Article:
Thursday, October 10, 2013

Butternut Apple Soup



This recipe comes to you just in time for the peak of the fall season.  Fall is my favorite time of year, not because of my birthday in September, but because it is when the colors really come to life, as though the leaves of the maples and elms are hand painted in brilliant shades of orange, yellow, and red magically over night.  The days become cooler and crisper, encouraging us to slow down and warm up with a satisfying mug of tea or coffee.  The usual, hectic pace of summertime starts to slow down as the days gradually get shorter and the natural world gets ready for its long winter nap.  There's something about this these months that is just inexplicably beautiful.

Another gratifying benefit of this season?  The food!  By now, the supermarkets and farmers' markets are filled with delectable seasonal treats.  So many varieties of apples greet you upon walking in, varying from tart to crisp to sweet or a little bit of everything.  The various textures of squash and pumpkin await you in their many forms, eager to provide that starchy, delicate balance your evening meal was waiting for.  Ripened pears, bright carrots, jewel-toned beets, sweet grapes, earthy potatoes, and others complete the cornucopia that is fall harvest season.

I think about the types of foods this time of year and notice that most of them come from underground or close to the ground.  They are starchy, sweet, and filled with carbohydrates and fiber.  As a person with diabetes, this raises some red flags because the more carbs one consumes, the more insulin one has to take, but in reasonable portions these are excellent sources of nutrition.  I have been curious about the cyclical seasons of crops and am sure it is no mistake that the gifts we are offered this time of year are so starchy.  Traditionally, this would be the time to get ready for winter, to spend time hunting, gathering and storing food, and expending lots of energy performing such activities.  What this means for us today, I'm not sure, since we don't prepare for winter like we did in the past.  It's hard to think in this way when our weekly trip to the store keeps starvation at bay.  Does this mean the extra carbs we eat and neglect to burn off have to simply become added weight and insulin resistance?  Not necessarily.  Maybe create your own ritual activity for the fall time.  Make it a point to can some apples, beets, or tomatoes.  Freeze some of your garden grown herbs with some olive oil in ice cube trays before the frost gets to them.  Plan a hunting trip, gather some walnuts, or simply go for a hike in the leaves.  The point is to make good use of the extra energy these seasonal foods have given you and prepare for winter in some way that connects you back to our ancestors.

Today, my gift to you is a recipe for butternut squash and apple soup.  I have been making variations of this soup for years and still have yet to perfect it.  This is the closest I've got.  It is a dish best made when you have an afternoon free because it does take some extra time to prepare.  You may also play around with the balance of this soup according to your individual taste.  I prefer it primarily a bit sweet, somewhat salty, and with a small kick of heat.  You might have different preferences so adjust accordingly.  It might also be richer with a small splash of coconut milk or half and half.  As always, make it your own.  It's yours now.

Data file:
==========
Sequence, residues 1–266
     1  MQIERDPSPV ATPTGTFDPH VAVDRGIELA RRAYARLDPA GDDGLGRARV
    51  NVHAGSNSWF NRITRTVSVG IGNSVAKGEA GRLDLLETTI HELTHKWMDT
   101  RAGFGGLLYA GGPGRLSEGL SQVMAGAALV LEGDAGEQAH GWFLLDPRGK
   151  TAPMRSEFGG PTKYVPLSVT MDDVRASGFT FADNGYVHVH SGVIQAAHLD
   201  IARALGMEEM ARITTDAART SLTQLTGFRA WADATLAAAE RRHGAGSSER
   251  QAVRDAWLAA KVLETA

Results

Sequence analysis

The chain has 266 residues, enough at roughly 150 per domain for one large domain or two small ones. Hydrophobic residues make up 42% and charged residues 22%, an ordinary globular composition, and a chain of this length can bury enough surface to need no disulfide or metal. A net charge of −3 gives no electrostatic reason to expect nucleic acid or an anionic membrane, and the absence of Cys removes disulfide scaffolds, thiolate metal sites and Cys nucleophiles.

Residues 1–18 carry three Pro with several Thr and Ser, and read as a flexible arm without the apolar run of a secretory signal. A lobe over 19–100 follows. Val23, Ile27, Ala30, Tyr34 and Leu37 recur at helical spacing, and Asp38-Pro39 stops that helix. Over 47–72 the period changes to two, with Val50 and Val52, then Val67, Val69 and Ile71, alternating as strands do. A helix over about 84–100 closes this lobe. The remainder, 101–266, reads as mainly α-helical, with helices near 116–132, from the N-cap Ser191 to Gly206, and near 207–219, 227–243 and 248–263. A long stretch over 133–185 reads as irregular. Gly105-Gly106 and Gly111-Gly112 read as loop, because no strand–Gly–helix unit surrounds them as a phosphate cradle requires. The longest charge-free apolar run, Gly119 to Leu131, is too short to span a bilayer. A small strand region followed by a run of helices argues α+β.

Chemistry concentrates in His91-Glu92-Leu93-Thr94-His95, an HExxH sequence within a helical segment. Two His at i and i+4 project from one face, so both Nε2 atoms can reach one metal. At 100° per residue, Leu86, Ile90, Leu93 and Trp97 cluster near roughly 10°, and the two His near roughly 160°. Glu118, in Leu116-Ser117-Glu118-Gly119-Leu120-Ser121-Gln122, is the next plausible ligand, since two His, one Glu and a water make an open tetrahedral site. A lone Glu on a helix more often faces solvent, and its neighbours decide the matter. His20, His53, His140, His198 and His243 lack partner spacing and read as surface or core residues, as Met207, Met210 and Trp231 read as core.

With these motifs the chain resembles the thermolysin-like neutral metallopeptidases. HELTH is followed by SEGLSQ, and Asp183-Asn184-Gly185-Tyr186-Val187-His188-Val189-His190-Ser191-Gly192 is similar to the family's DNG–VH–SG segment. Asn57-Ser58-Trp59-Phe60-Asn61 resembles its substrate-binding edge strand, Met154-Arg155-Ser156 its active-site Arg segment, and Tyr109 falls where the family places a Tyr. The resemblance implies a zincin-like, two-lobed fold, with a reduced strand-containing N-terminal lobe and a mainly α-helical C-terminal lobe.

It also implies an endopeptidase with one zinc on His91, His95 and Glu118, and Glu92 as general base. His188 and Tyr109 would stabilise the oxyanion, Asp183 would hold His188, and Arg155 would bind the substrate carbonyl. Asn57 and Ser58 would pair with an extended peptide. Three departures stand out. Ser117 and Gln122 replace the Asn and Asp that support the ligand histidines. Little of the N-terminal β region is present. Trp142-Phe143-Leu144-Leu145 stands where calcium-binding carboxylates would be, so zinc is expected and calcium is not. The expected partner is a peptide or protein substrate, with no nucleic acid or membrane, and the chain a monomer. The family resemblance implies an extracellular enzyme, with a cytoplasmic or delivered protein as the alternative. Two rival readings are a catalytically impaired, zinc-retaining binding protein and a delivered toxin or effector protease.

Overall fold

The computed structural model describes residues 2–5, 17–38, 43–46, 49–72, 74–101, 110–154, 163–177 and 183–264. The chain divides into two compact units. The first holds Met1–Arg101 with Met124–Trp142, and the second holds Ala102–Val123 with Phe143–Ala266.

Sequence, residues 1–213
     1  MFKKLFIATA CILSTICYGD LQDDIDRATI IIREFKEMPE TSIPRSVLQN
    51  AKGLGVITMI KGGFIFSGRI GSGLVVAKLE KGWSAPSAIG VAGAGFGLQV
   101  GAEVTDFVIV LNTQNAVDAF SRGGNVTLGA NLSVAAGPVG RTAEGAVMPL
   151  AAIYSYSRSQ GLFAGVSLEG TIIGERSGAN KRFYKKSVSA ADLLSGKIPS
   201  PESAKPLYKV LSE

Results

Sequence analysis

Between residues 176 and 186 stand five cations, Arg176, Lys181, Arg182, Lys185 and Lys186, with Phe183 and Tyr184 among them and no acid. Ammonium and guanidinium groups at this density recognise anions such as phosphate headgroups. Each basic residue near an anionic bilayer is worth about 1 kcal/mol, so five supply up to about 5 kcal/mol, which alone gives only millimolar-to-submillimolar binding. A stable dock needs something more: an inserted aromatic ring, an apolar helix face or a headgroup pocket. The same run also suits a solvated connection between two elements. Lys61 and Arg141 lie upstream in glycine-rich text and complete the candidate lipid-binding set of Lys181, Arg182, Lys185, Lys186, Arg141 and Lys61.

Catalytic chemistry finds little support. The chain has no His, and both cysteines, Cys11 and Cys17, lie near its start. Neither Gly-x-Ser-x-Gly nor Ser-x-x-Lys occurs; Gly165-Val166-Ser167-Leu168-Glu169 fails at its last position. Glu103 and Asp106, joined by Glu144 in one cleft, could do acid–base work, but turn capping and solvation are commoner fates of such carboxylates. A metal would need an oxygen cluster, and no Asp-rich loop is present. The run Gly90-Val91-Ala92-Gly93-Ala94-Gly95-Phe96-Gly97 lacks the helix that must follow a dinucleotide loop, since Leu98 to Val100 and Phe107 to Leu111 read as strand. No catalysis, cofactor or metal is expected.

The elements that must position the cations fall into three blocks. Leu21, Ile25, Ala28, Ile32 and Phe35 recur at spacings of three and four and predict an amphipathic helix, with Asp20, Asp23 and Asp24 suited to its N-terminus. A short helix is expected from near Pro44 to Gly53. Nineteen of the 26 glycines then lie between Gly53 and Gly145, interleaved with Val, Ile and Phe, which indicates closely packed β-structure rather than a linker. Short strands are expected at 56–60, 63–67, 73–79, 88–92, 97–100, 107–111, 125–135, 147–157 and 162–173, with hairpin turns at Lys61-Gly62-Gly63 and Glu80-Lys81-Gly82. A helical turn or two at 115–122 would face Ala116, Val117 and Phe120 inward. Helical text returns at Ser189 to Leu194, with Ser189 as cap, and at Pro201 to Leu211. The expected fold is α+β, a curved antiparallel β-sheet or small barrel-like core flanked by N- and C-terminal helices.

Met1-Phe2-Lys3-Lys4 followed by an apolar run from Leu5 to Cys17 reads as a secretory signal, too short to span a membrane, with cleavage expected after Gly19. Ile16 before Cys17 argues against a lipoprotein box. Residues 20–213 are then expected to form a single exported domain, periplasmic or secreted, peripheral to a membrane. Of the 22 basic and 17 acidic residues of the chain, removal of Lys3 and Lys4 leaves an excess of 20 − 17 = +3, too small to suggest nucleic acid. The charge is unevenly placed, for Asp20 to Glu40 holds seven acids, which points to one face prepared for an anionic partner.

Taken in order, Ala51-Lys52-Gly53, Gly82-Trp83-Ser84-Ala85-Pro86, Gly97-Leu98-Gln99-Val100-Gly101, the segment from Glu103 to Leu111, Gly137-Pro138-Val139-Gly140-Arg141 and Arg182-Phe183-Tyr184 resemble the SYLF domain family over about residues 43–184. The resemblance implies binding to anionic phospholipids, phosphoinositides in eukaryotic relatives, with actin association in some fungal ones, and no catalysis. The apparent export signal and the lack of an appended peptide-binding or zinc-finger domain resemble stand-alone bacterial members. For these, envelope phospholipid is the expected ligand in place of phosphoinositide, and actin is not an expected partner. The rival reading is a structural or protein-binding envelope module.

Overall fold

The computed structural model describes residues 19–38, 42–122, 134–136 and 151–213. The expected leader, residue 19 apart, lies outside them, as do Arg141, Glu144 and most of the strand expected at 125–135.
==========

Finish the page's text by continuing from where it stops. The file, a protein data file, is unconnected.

(For my 'betes friends, I will start posting carb counts soon!  For people on Autoimmune Protocol and avoiding nightshades, you might use chicken stock instead since the veggie stocks have tomato and pepper and, of course, leave out the cayenne.)


BUTTERNUT APPLE SOUP

WHAT YOU'LL NEED:
6 cups Roasted and Cubed Butternut Squash (1 and a half large squashes)
2 Large Peeled/Chopped (McIntosh, or your choice) Apples
2 cups Chopped Onions
1 teaspoon Minced Garlic
2 tablespoon Coconut Oil/Butter
1 32 oz./Qt. container Vegetable Broth/Stock*
1/3 inch piece of freshly grated ginger root
dash of Cinnamon
1 teaspoon (additional to taste) Sea Salt
10 drops of Frank’s Hot Sauce
splash of Apple Cider Vinegar

*Depending on the salt content of your broth, you might add salt seasoning more mindfully as you cook.  I used Kitchen Basics' Vegetable Stock that uses minimal salt and contains no MSG.


DIRECTIONS
1.  Preheat oven to 350.   Slice the butternut squash lengthwise and scoop out the seeds.  Rub with oil and roast for an hour, until tender.  Allow squash to cool.  Peel baked squash and cut into 1 inch cubes.  Set aside.


2.  Set soup pot to medium heat and add coconut oil or butter.  While stirring, sauté the onions until tender.  Add diced apples to the mix.  Shortly after, add minced garlic.


3.  When the mixture is on the verge of browning, add broth/stock, vinegar, salt, spices, hot sauce, and squash.  Allow this to come to a boil and cook for 15-20 minutes.

4.  Remove pot from heat and pour contents into large glass bowl(s).  Allow the mixture to cool down until tolerable to touch. 

5.  While waiting, sauté another diced apple in some oil until the pieces are cooked, but still somewhat firm.  Remove from heat.

6.  Using a food processor, carefully puree the boiled soup mixture in batches until smooth, leaving one cup of mixture unblended. 


7.  Add pureed soup to the pot with the diced cooked apple and mix in the unblended portion.  Heat through again until warm or simmering and season accordingly.  Garnish with frozen cranberries, pumpkin seeds, or cinnamon stick.




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